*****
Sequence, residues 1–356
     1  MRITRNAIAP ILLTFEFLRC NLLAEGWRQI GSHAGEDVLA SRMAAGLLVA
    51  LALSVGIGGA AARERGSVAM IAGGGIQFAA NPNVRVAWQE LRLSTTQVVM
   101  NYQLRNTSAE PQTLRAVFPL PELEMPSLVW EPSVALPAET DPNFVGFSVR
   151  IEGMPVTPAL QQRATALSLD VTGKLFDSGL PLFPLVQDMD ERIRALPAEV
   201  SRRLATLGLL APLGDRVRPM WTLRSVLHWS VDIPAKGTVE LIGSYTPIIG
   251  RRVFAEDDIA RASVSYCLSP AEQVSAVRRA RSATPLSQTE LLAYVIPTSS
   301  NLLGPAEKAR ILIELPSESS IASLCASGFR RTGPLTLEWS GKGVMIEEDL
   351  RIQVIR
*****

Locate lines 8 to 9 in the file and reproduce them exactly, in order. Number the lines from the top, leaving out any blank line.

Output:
   301  NLLGPAEKAR ILIELPSESS IASLCASGFR RTGPLTLEWS GKGVMIEEDL
   351  RIQVIR